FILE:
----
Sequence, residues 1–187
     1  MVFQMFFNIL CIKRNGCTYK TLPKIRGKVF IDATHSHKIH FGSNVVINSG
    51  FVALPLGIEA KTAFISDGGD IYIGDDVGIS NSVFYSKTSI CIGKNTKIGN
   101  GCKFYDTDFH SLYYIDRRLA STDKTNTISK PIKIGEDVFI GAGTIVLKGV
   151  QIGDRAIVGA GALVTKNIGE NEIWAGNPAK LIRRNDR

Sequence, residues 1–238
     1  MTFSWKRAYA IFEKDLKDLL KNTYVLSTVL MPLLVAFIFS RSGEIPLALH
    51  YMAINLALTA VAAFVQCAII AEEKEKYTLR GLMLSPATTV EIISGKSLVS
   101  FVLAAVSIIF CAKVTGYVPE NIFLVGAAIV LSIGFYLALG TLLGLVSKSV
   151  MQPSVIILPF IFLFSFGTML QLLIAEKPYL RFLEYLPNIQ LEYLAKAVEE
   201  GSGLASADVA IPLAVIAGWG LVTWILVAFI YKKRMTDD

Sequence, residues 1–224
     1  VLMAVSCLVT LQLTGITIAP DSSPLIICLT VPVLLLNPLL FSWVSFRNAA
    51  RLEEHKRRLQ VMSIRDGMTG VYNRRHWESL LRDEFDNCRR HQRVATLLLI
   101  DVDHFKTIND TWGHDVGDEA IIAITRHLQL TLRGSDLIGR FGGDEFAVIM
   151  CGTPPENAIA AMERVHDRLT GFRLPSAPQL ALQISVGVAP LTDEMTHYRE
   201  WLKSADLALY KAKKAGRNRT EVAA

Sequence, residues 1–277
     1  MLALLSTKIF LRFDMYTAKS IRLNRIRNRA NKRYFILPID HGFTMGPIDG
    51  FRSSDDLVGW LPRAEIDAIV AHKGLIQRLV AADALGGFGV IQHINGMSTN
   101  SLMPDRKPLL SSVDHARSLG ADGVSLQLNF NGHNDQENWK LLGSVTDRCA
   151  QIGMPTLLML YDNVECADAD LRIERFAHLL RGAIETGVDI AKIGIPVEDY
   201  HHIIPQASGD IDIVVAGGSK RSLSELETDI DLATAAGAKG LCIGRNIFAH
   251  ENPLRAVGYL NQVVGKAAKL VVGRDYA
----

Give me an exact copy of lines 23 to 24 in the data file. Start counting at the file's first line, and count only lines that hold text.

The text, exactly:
   201  HHIIPQASGD IDIVVAGGSK RSLSELETDI DLATAAGAKG LCIGRNIFAH
   251  ENPLRAVGYL NQVVGKAAKL VVGRDYA